Amongst these, we have the 'The Quiet Types', who lunch at their desks, munching on homemade sandwiches whilst catching up on Game of Thrones on their iPad wearing a pair of headphones. They know what they like and just go with the flow. Next up, we have 'The Joker.' Feeling that comedy is their strong point, they seize every opportunity to crack a gag - usually at the expense of someone else in the office and largely to mask some deep-seated insecurity they harbour.
Then comes 'The Opinionators.' Like 'The Quiet Types', they know what they like, but aren't afraid to let their feelings out. You may not agree with them all, but you respect their honesty.
Finally, there's 'The Do Gooders' - you know… homemade cakes, rounds of tea, a constantly open Just Giving page for their 15th local 5k fun run that year. Nothing is too much trouble for 'The Do Gooders'. Their aim in life is to offend as few people as possible and in doing so, they live in hope that everyone will reciprocate their kindness with friendship. Problem is, most people simply smile sweetly at them, but really smirk at their efforts when their back is turned. Harsh, but true.
I recently watched an online promo video for a major single malt Scotch whisky that, by the end of it, had me thinking deeply about the above scenario. The video was largely a single tracking shot of a man's well-toned arm, festooned with 'rockstar' jewellery, holding a bottle of single malt which ended up on a garden table next to some barbecued meat. It was positioned to be the life and soul of the outdoor party; the drink that works in any situation.
In my opinion however. It felt a bit… desperate, a little too 'me too' and a lot like it was very keen to please just about anyone who might think about watching. It was in essence, a 'Do Gooder'.
Herein lies the problem faced by Scotch at the moment. The current buzz crackling around distillers is about capturing the attentions of the millennial consumer. They make up a huge proportion of drinkers - potential whisky drinkers, aged between the ages of 25 and 35. They are upwardly mobile; they like well crafted, honest products; storytelling; self discovery and above all else, authenticity. They can also detect a waft of marketing and whisky companies are only just discovering this.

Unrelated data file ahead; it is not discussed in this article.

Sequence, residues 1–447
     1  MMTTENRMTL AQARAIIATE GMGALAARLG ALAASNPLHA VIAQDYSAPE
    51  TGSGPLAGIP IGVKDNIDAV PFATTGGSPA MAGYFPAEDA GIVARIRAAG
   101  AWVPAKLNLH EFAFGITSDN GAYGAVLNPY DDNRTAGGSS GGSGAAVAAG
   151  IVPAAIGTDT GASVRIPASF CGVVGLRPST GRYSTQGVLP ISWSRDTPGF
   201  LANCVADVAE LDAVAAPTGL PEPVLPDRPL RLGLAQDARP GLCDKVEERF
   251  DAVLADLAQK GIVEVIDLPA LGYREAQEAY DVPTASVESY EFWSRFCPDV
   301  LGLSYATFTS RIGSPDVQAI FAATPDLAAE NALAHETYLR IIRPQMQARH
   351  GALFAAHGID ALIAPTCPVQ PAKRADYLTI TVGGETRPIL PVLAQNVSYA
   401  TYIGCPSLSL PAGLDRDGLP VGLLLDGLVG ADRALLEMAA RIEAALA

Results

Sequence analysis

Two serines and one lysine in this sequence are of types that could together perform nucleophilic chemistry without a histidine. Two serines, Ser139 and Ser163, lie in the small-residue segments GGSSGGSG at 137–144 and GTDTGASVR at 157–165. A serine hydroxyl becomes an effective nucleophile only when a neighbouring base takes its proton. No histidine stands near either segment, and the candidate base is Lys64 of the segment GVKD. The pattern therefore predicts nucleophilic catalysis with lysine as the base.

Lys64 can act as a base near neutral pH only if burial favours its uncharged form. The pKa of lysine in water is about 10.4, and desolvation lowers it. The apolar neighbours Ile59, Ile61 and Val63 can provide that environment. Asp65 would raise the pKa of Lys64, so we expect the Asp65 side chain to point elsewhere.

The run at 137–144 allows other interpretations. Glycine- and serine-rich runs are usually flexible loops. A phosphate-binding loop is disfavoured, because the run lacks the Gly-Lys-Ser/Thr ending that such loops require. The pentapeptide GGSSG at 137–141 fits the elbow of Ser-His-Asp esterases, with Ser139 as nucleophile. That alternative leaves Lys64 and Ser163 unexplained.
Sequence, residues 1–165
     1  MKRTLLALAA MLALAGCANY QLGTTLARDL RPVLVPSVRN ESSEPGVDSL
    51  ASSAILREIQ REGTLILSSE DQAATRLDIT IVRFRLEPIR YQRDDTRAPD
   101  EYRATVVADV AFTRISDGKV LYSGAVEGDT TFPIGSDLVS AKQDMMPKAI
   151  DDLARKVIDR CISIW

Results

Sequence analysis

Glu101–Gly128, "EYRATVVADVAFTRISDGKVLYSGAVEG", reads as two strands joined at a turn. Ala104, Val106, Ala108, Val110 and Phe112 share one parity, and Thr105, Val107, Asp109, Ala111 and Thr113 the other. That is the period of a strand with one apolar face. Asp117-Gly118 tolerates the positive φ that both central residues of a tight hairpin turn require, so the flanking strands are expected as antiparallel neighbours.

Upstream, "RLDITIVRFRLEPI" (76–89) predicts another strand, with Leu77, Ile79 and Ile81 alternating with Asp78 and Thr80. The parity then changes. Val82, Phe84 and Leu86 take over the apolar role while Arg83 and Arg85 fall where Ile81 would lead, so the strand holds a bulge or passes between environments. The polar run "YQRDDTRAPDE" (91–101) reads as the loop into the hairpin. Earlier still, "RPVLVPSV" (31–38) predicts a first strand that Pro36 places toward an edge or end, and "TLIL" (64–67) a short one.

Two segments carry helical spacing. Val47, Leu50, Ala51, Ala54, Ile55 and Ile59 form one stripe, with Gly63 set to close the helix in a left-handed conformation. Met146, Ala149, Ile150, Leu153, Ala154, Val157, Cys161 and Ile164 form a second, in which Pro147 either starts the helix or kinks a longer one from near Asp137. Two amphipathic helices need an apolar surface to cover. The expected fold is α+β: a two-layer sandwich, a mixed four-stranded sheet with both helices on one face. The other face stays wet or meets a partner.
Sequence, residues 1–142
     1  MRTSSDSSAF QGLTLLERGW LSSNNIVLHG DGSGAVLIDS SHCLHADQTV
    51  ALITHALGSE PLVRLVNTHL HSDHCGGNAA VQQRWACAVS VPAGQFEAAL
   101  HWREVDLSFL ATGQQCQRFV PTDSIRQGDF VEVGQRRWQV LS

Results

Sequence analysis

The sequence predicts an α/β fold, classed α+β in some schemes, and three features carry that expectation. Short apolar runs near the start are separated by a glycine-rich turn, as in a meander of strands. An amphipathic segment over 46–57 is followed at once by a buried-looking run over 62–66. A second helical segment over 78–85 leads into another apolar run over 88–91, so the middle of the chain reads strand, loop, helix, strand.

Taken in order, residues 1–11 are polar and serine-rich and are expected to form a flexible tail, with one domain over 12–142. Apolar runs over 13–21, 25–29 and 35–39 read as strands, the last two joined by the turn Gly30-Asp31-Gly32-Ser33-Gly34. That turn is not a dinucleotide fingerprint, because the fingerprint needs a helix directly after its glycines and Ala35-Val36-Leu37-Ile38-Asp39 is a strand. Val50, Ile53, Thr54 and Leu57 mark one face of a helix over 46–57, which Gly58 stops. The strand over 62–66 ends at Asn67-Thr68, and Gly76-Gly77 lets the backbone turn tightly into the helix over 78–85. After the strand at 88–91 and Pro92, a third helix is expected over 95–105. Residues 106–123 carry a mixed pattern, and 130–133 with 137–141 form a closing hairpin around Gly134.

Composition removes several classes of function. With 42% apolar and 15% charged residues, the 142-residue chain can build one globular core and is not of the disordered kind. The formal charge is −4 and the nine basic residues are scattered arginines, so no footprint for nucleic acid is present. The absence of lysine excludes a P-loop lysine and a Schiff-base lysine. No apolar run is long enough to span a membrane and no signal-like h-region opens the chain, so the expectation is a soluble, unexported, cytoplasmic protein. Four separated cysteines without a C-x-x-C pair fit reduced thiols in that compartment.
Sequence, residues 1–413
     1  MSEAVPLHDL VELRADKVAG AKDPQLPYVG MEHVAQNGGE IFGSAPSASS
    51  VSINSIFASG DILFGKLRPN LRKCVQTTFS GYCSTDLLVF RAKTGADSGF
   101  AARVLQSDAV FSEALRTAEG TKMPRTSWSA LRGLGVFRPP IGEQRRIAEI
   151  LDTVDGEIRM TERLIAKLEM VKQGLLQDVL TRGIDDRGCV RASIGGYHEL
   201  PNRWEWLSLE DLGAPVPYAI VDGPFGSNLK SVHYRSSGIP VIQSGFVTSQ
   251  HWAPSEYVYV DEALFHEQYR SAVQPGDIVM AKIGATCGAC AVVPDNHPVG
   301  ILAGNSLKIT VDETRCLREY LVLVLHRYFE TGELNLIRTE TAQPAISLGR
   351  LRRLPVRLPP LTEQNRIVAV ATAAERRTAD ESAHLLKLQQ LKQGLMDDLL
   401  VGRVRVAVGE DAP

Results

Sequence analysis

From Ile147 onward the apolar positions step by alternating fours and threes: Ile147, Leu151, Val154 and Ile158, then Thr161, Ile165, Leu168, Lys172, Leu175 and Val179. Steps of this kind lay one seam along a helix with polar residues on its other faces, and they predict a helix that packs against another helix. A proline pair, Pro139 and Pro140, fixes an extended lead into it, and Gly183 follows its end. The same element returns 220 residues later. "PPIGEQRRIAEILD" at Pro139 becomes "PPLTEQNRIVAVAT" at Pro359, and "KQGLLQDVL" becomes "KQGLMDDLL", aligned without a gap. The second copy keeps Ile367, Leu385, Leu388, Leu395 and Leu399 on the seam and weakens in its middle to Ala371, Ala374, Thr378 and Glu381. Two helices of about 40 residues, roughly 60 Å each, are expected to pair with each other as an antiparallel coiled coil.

The long and short of it is that those with a wishy-washy identity or overly scattershot marketing strategy end up becoming ignored by those drinkers who are looking for clear direction. You can't turn up one week loudly proclaiming how tweed suits, heritage and craft are the most important things in whisky, but then a week later turn up on a sun-kissed beach in a luminous mankini with an open bottle of single malt, shouting 'Party!'
Earlier this summer, a study by trade magazine The Grocer revealed that Jack Daniel's had officially become the most popular selling whiskey in the UK, with sales surging by 9.3 per cent last year. The reasons given were that younger consumers identified more closely with the 'positive cultural associations of America' rather than wanting to 'drink what their father's drink'.
Think about this for a second. It's undeniable that Jack Daniel's has been true to its marketing direction for decades. It very much wears its heart on its slightly tattered plaid sleeve. It speaks one clear language to the consumer. Scotch, on the other hand tries to be everything to everyone.
It's not all doom and gloom for Scotch, but clearly some of it needs a rethink. Those with a clear identity are soaring high, taking willing consumers with them.
To those who are trying to be popular-all-things-to-everyone, I say this. Just be yourself. Play to your strengths and ultimately be Scotch. You are unquestionably the most highly regarded spirit in the world. That actually stands for a lot.